Urbanism and Social Transformation in Peter the Great's Russia
Voytko, Eric Scott
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Few figures loom as large over the history of Russia as Peter I. From the moment he accepted the throne as sole ruler in 1696, he embarked on an ambitious campaign of modernization, disrupting the culture of a country mired in traditions he considered hopelessly out of date. The young emperor’s transformations of Russia’s military forces, administrative structure, religious culture, and social and political practices have been well documented. His reign also produced a dramatic shift in the country’s architectural culture towards more Western idioms. Existing scholarship has too often permitted the architectural and urban aspects of Peter’s reforms to be divorced from social and political changes in Russian society. This study proposes that these architectural and urban transformations might be better understood as integral parts of his comprehensive program of reform. Following a method drawn from Spiro Kostof, this study asserts that reforms in Russia’s architecture and urbanism in Moscow and Saint Petersburg influenced other aspects of society in turn, and thus formed a reciprocal relationship with reforms in those areas.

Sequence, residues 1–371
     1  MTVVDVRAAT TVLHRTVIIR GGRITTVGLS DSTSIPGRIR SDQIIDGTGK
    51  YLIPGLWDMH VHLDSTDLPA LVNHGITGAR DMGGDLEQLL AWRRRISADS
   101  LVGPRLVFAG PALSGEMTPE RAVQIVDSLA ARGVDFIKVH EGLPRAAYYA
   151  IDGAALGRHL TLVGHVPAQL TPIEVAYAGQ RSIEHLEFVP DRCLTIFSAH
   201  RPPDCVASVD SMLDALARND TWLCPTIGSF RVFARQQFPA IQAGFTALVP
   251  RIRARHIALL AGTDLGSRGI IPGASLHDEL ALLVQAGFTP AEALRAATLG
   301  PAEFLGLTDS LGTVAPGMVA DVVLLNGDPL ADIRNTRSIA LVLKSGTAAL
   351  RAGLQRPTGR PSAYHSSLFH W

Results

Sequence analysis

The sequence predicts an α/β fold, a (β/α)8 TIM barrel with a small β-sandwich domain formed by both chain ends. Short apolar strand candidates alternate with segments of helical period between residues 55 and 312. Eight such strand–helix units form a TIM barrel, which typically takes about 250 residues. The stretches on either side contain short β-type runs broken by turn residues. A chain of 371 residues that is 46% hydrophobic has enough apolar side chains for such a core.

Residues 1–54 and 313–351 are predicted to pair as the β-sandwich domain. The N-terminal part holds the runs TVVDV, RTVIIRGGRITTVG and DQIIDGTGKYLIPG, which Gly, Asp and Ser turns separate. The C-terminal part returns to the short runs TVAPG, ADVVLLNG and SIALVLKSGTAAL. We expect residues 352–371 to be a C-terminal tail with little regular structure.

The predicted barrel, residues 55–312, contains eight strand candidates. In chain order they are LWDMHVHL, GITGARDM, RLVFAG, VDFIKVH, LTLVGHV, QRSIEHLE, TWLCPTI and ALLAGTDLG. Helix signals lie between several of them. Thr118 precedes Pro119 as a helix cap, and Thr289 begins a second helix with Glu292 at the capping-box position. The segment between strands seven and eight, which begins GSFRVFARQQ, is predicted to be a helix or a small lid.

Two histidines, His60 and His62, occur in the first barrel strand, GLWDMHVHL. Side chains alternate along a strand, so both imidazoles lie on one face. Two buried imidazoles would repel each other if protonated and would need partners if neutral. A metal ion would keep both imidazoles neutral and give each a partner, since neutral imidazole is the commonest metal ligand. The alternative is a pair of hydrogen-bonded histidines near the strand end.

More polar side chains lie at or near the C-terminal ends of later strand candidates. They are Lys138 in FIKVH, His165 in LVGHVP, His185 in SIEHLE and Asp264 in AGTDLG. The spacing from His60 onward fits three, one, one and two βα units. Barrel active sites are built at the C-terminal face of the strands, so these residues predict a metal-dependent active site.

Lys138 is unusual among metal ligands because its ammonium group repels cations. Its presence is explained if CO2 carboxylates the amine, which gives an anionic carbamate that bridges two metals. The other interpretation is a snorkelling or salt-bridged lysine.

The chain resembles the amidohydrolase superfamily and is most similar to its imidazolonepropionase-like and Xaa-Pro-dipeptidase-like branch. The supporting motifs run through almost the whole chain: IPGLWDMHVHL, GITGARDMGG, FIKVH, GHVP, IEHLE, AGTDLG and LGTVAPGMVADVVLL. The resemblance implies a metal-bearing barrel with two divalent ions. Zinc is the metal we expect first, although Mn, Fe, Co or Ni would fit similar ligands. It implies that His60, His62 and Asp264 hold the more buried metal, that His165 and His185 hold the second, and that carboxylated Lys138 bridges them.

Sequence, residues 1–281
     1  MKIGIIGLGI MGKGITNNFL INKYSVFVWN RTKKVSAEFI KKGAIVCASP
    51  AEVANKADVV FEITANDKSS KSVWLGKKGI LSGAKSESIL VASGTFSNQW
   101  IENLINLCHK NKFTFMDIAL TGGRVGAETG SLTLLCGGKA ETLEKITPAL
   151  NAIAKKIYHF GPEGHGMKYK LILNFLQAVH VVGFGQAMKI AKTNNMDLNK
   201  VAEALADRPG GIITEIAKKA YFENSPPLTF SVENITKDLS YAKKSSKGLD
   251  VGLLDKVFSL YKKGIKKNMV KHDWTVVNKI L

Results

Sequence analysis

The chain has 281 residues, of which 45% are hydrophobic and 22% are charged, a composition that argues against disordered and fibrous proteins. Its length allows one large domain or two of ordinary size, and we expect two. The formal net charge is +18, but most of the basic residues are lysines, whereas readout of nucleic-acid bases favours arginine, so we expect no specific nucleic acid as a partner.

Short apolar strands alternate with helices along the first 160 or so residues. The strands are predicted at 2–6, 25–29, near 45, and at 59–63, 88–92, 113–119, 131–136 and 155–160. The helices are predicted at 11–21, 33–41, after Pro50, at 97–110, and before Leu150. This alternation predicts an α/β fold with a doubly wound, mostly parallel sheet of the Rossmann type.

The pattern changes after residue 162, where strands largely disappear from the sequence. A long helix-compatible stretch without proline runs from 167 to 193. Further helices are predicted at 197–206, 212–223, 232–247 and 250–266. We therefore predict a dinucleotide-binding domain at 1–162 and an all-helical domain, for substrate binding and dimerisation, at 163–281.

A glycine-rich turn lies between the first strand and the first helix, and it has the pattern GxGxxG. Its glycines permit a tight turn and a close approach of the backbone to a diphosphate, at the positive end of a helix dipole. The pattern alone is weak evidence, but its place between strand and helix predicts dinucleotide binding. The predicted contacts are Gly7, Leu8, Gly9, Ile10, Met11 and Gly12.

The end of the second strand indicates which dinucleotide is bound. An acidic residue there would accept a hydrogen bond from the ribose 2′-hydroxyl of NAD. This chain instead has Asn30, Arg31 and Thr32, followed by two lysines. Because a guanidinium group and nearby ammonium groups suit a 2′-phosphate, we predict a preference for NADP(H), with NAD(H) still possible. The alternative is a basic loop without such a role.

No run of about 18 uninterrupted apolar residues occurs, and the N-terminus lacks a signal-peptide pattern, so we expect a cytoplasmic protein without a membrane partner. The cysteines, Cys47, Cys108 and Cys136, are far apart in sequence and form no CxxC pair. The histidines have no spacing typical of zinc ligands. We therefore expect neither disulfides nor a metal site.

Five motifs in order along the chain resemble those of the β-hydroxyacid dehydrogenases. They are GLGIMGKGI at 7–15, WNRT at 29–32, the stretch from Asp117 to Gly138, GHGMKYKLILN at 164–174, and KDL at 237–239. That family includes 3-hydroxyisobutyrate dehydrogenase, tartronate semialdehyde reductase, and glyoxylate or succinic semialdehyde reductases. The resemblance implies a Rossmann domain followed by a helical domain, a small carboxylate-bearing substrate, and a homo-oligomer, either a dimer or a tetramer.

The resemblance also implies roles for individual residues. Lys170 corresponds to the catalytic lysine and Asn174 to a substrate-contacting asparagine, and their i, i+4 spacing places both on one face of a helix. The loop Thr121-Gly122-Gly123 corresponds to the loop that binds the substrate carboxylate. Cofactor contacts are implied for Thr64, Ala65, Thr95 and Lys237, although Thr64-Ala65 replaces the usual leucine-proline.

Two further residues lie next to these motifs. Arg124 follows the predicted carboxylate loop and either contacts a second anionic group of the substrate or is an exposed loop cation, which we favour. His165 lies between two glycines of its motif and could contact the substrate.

- Architecture